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Hall of Fame Guard Joe Dumars will once again play a role in shaping the NBA as he joins the front office of the Sacramento Kings. Dumars has already proven himself worthy as both a player and executive. He played the entirety of his 14-year NBA career with Detroit, winning two championships. He then went on to join the Piston’s front office where he was promptly voted Executive of the Year for the 2002-03 season. Most recently, he served as President of the Basketball Division for Independent Sports and Entertainment Agency (ISE) where he spent less than two years. ISE has been deeply engaged in their basketball department, representing notable clients like Demarcus Cousins, Penny Hardaway, and Alonzo Trier. Seeking a return to the other side of the ball, Dumars will now join the Sacramento Kings as they retool their leadership structure.

He will report directly to General Manager Vlade Divac. “I’ve known Vlade for decades, and I’m thrilled to work with him and the Sacramento Kings at such an exciting time for the franchise,” said Dumars. This excitement stems from a recent infusion of young talent with players like De’Aaron Fox and Marvin Bagley III, as well as a new commanding voice in the locker room in Luke Walton. Divac referred to Joe as a “legend in our sport.” The Sacramento Kings continue to impress with their progression. This move will only expedite that process as a great basketball mind has joined the fight.

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Recently, Sports Agent Blog had the opportunity to have a discussion with Jake Murphy, an up and coming sports agent who decided to forge his own path in the ultra-competitive representation industry.

Murphy is a Euless, Texas-native, graduated from the University of North Texas with a degree in Sports Management. After having the opportunity to research the NFL’s Collective Bargaining Agreement during his studies, he developed an interest in continuing his education at the University of Florida’s Sports Management program with a specialization in Sports Law. Additionally, he pursued an online certification from the University of Southern California Gould School of Law specializing in Entertainment Law.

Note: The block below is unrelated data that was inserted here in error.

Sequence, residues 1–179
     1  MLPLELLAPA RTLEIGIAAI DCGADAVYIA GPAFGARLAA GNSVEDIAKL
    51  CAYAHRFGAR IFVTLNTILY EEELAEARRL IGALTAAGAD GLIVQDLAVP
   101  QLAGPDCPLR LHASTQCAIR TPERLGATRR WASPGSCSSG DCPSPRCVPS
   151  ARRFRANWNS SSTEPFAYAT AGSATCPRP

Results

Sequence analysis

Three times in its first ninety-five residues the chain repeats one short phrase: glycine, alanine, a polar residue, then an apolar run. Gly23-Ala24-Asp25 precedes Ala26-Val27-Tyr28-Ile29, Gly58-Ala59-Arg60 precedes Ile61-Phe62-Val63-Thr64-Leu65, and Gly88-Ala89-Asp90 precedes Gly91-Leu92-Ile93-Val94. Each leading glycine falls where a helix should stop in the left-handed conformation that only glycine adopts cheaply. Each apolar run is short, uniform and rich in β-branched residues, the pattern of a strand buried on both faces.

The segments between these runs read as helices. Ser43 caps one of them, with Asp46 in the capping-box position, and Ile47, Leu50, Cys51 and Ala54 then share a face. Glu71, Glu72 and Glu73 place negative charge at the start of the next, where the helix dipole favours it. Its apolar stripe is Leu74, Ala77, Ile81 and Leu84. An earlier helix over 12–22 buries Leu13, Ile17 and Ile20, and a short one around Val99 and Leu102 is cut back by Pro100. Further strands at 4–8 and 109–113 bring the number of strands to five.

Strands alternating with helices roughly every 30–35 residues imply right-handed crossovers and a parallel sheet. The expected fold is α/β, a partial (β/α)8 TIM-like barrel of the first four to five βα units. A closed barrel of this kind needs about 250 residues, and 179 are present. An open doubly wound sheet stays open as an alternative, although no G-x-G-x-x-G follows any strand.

Upon graduation in December, Murphy will take the NFLPA’s agent certification exam in January 2020 as a 23-year-old looking to break into the industry. Our conversation with him can be seen below.

SAB: What made you want to start your own agency instead of pursuing opportunities at an already-established organization?

Jake Murphy: I’ve always been under the impression that there is a certain purity to the entrepreneurial route. I think so much more pride can be attributed to creating your own empire, rather than building upon a pre-existing one. When I came up with the concept of Murphy Sports Group, LLC., the fact that I could connect my name with it meant the world to me. I have so much respect for the firms and individuals who are already established in sports representation. However, if I were able to undertake a venture that my family would be attached to, that is all the justification I need to start my own agency and give it my best shot against all the competition. I love the fact that I have a comprehensive ownership in my personal successes or failures.

SAB: What has been the biggest challenge you have faced and hurdle you have overcome thus far?

JM: As far as overcoming hurdles, I think the easy answer would be the education that I pursued. As school has come to an end, I’ve truly enjoyed it because I got to study sports and entertainment. That almost sounds too good to be true. But in hindsight, it truly was a rigorous route that I pursued, and I’m so grateful that I was able to be a part of it. Regarding the greatest challenge, I would also have to call it my greatest blessing. My family lost my mother to cancer in 2002. I can go into extreme length at how difficult that was at only six years old, but I am beyond fortunate to say that I’ve lived the life I have only 17 years later. I have had the most incredible loving family atmosphere surrounding my life. it was devastating for my entire family, but I truly grateful for my father and brother and the household I grew up in. My family has a long line of excellence in sports, and that is where my love for it stems from. But it didn’t stop there. The community that I grew up in truly validated the concept of “it takes a village.” So many beautiful people treated me like family without hesitation. Making them proud is just as important to me as making my own family proud. To this day, my family has grown immensely beyond blood relation. They turned a devastating event into the most beautiful life I could have asked for.